Neapolitan noir set in the Seventies, snapshot of a rainy and dangerous city, made of narrow streets and dark corners to hide in, “5 è il numero perfetto” (“5 is the perfect number”) tells the story of Peppino Lo Cicero, a second-class hit man for the mob into retirement, who thinks he has packed away the gun once and for all, but finds himself forced to pull the trigger once again after the murder of his son.
The leading actor of the movie, the only Italian one in competition, this year, at the Giornate degli Autori, independent section of the Venice Film Festival, is Toni Servillo and we had the huge honor to interview him and chat with him about his character, his experience with a movie based on a graphic novel and the Neapolitan locations.
The director is also a famous cartoonist and the movie itself is based on one of his most successful graphic novels: has it been an interesting experience for you to be part of this special project? Did the director give you some precise indications about what to do or not do to avoid altering the comic-book atmosphere?
We soon agreed on the fact that we didn’t want to make a cinematographic transposition of the comic book, that is, to be clearer, a shift from the two-dimensional dimension to the three-dimensional one. We were all aware, not only the two of us, but also the producers, of the fact that that the graphic novel already had, from a visual point of view, a cinematographic shape, and most of all, as far as the actors’ job is concerned, there were some very well built characters, some very effective dialogues, almost moving, may I say, at some point, and an interesting plot, so it was like if the graphic novel, which was already very popular, gave us an early draft of a screenplay, and that’s why we thought to make a movie out of it.
“It was like if the graphic novel gave us an early draft of a screenplay.”
As for the characters, what did you find was the most interesting side of your character, Peppino Lo Cicero, when you first read the graphic novel and the script?
The idea of telling the story of a man long past his prime fascinated me… In a time of great stories of mob bosses, he is, instead, a small mob wingman, no matter how ruthless as a killer, who’s retiring (laughs), with the illusion of having a clear conscience. However, some tragedies, like the assassination of his son, will force him to take stock of his life which will turn out to be not so positive; his conscience will not feel so clear to him anymore and he’ll have to start from scratch with only two legs, two arms and a head. There’s a scene where the character says “How awful to realize that you’ve got it all wrong” and this is sort of the key and the reason why I fell in love with the character.
“How awful to realize that you’ve got it all wrong.”
The movie is a unique portrait of the Seventies’ Naples, an accurate picture of all its most typical features, the coffee, the Madonna, the processions… How much of your own Naples is there in this film?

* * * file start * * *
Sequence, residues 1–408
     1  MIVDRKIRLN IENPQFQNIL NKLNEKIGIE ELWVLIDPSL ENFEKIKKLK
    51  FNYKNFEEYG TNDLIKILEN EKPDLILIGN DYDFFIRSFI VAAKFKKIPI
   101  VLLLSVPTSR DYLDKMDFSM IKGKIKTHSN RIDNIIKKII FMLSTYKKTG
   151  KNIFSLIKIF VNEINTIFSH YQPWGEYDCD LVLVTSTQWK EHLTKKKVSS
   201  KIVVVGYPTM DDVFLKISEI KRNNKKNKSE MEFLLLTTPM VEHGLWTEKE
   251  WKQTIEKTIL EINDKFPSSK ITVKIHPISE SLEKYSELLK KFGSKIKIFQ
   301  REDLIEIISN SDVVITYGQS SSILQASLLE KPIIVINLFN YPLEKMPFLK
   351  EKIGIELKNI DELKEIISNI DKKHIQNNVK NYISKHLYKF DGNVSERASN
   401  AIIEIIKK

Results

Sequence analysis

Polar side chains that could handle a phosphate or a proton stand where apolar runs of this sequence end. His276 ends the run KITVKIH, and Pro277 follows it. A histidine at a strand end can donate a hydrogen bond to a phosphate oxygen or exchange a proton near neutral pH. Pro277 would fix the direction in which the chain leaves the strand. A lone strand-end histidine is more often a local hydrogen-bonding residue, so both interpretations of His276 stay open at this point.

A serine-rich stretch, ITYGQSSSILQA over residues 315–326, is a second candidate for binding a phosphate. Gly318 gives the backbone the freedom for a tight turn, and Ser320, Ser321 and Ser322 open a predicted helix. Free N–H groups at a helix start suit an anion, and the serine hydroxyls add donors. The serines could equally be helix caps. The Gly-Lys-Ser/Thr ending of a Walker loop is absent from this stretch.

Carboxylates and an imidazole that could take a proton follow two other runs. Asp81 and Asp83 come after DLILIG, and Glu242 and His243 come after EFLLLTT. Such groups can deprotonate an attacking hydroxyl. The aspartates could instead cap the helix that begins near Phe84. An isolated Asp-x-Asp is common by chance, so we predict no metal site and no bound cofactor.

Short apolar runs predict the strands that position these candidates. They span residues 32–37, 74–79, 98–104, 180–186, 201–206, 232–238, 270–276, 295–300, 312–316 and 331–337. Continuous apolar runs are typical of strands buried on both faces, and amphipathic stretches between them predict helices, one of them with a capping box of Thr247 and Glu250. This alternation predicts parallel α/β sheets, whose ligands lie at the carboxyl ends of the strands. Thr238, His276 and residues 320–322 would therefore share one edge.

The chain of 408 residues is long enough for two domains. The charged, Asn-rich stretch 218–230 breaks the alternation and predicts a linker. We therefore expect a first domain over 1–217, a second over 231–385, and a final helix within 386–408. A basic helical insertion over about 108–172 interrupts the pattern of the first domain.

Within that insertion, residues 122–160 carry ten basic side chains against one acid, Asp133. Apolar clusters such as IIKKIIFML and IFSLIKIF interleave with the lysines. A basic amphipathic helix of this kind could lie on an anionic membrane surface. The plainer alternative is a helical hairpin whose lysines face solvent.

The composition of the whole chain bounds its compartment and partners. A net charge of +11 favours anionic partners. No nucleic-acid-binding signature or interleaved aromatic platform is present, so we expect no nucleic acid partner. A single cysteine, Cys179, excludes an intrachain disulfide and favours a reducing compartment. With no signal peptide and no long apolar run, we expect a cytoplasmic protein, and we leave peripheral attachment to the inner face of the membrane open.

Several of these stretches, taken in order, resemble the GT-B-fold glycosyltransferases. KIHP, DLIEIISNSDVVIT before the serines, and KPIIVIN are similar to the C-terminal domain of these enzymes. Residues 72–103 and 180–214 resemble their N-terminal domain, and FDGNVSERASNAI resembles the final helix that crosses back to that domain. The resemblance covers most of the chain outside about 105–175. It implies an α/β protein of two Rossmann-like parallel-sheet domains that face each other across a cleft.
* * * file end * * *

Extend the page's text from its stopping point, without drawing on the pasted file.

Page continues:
There’s nothing of my Naples, but everything of Igort’s one, which, however, sometimes corresponds to the idea that I have of Naples, but they don’t match perfectly because the two of us have different personalities. Still, this movie shows a world city that becomes a privileged stage for fascinating stories. It’s not the first time and it won’t be the last time that non-Neapolitan directors choose Naples as the setting for their stories.
Naples is commonly known as the city of sun, but the only Naples we see in this movie is a rainy one…
There’s a novel called “Malacqua,” by Nicola Pugliese, which is one of the best novels about Naples ever written, and the title itself is already meaningful: it talks about a Naples in which it always rains, so the rain in Naples is no news. By the way, I think that, statistically speaking, Naples, which is the city of the sun, is the Italian city with the highest yearly amount of rainfalls! (laughs). We’re perfectly into a scientific dimension here. From an emotional point of view, Igort’s wish was to escape from “the land of the sun,” to make a movie where the city is dark, made of places to hide and narrow streets where to sneak away made even rougher by the rain.
Some of my favorite scenes are the ones with the shootings. It looked almost like you were dancing, following a sort of homicidal choreography: how did you approach it? Was there room also for some improvisation?
We rehearsed a lot, I had already had a chance to use some weapon, but never with this intensity, so we learned how to be less awkward in handling them and, most of all, we set up the scenes with the director almost like it were a real dance, to play a bit with it, to be ironic about it, since we’re so overwhelmed by the violence with which they’re told. Additionally, I think that one of Igort’s passions came about as well, which is the one for Oriental cinema, where you can see some extraordinary cerographical fights.
What’s your perfect number?
I’m not very fond of the cabala, I don’t have a favorite number, but right now my lucky number is definitely number five (laughs).
Photos by Johnny Carrano.